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Companies that didn’t need PPP loans are still holding onto stimulus money

An analysis showed that many of these businesses had access to other sources of capital

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Nearly all of the large public companies that accepted money through the government’s Paycheck Protection Program (PPP) had access to other forms of capital while the coronavirus pandemic was underway, according to a CNBC analysis. 

Large public companies must return emergency relief funds provided by the government by Thursday May 14, but many of them are keeping their loans. According to filings reviewed by CNBC, many of the largest public companies were able to raise millions of dollars by selling stock or tapping unused credit lines. 

Such factors should have rendered them ineligible to participate in the program. However, most public companies who had access to other forms of capital haven’t discussed returning the federal funding.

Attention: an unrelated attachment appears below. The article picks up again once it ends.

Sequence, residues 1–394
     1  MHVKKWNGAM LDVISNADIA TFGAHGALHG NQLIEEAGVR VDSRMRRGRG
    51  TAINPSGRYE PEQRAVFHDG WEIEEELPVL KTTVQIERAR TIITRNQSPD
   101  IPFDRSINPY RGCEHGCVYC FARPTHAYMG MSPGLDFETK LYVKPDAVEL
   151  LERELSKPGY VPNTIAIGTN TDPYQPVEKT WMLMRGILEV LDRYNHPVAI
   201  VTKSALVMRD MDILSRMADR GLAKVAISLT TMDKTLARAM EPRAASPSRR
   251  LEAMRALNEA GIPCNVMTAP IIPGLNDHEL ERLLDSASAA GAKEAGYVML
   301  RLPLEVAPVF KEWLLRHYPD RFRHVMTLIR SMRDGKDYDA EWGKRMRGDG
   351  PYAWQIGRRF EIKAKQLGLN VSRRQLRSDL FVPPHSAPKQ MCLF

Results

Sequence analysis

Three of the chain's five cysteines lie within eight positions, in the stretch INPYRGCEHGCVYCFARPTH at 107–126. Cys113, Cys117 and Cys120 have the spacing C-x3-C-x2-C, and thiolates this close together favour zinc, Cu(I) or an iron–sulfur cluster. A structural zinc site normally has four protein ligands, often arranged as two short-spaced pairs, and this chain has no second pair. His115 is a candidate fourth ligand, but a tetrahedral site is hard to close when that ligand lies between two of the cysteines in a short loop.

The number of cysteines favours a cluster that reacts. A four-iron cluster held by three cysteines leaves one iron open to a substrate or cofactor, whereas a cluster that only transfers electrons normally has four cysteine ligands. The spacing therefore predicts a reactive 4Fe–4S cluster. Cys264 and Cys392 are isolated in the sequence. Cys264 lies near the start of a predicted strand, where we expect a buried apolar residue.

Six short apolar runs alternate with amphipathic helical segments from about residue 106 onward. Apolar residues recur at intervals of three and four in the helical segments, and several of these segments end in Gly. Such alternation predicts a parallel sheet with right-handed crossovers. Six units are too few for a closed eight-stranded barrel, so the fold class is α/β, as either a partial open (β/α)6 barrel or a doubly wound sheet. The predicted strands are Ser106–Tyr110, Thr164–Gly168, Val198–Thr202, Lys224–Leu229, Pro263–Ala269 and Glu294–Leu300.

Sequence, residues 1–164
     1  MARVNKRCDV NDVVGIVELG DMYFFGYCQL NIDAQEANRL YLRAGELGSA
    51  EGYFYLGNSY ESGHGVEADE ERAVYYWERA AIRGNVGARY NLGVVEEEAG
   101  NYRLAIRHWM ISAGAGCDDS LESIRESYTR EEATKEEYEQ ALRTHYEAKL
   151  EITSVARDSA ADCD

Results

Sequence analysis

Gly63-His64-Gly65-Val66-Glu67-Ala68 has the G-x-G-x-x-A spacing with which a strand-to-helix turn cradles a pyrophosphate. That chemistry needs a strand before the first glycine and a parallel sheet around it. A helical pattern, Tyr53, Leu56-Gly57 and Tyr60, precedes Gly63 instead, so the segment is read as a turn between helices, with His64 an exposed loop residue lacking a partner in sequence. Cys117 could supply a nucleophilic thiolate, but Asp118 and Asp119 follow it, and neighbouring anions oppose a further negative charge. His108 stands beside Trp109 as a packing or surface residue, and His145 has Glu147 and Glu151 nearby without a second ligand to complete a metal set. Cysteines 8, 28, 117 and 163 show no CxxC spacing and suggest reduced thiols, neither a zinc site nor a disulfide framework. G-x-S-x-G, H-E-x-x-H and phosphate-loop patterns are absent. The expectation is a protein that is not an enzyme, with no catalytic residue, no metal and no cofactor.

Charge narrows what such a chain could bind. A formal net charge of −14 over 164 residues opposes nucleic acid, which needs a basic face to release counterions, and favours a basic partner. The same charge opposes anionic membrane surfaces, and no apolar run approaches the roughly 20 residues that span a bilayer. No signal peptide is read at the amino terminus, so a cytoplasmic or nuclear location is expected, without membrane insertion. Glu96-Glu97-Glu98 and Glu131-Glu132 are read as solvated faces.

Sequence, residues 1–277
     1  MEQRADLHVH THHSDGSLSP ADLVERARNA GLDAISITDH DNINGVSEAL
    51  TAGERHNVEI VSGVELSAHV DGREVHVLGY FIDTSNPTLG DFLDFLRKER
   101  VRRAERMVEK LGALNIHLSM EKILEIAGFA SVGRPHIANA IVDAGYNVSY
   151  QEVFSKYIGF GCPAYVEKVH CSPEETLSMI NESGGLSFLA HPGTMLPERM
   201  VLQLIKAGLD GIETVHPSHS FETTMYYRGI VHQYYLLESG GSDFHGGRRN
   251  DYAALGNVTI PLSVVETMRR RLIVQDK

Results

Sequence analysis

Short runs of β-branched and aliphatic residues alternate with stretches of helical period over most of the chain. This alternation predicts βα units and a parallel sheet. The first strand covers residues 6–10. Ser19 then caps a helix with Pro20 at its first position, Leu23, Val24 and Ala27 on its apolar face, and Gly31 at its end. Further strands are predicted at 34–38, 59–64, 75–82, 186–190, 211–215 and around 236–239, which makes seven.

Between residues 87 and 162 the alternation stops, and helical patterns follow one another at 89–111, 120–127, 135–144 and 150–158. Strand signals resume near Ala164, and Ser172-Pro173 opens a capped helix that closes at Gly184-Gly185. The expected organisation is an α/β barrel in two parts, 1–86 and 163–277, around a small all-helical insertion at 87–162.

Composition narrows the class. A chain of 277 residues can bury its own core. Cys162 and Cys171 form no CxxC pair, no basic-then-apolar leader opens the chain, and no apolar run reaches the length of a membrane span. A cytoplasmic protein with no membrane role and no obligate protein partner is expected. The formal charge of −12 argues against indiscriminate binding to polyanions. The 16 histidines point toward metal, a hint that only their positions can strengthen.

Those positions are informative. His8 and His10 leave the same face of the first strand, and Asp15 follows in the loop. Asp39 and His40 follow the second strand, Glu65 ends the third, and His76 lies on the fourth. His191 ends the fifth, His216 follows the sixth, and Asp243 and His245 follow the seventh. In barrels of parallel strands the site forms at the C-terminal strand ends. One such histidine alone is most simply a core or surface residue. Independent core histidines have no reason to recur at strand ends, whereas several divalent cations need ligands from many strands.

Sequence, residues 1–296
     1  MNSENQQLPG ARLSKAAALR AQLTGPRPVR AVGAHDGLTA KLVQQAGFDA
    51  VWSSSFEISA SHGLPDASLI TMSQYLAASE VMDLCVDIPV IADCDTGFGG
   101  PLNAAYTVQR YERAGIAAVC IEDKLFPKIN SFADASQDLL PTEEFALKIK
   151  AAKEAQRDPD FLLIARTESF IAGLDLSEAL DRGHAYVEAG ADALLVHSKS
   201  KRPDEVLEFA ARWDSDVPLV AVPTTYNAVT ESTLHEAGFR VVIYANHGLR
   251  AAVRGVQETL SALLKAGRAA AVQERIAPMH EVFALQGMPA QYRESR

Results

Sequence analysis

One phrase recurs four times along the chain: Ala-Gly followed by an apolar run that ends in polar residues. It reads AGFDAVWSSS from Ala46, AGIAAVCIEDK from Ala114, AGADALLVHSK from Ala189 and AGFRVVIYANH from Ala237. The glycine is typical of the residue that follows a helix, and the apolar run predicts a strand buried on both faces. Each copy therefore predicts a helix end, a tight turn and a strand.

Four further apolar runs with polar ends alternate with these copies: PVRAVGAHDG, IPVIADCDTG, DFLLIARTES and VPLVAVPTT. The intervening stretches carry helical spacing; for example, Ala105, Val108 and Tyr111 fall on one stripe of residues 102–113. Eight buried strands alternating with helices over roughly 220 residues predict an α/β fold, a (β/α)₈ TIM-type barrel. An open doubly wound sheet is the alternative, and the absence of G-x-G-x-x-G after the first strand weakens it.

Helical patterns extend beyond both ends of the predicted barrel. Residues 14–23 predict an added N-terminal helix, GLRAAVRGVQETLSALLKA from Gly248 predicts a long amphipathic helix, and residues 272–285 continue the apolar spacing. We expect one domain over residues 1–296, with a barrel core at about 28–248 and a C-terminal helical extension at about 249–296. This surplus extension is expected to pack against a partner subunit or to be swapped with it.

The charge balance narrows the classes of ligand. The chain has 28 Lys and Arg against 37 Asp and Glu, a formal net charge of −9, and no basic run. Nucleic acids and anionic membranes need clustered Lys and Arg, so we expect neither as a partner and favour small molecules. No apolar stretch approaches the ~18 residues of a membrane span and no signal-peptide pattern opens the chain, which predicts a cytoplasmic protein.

Businesses keeping PPP money

Of the $1.32 billion in federal funding taken by public companies in the form of 407 loans, only 61 loans totaling $411 million are being returned, according to data analytics firm FactSquared.

CNBC said, for example, that California-based Cutura -- which makes beauty devices -- raised more than $26 million last month by selling shares on the open market and received the money the same day its PPP loan application came through. The company also could have kept its business afloat by using $19.5 million in cash and liquid investments or a $25 million credit line from Wells Fargo.

CNBC found that other companies may also have improperly taken federal funding. Some of these businesses included OncoCyte, which develops early detection cancer tests; Xeris Pharmaceuticals, a maker of diabetes medication; and Applied Optoelectronics, a Texas-based maker of fiber-optic networking products. 

In April, the Small Business Administration (SBA) gave companies two weeks to return money that officials suspect they weren’t qualified to receive. Treasury Secretary Steven Mnuchin has warned of “severe consequences” for companies that took loans but weren’t struggling financially in the way that so many small businesses are in the midst of the pandemic. 

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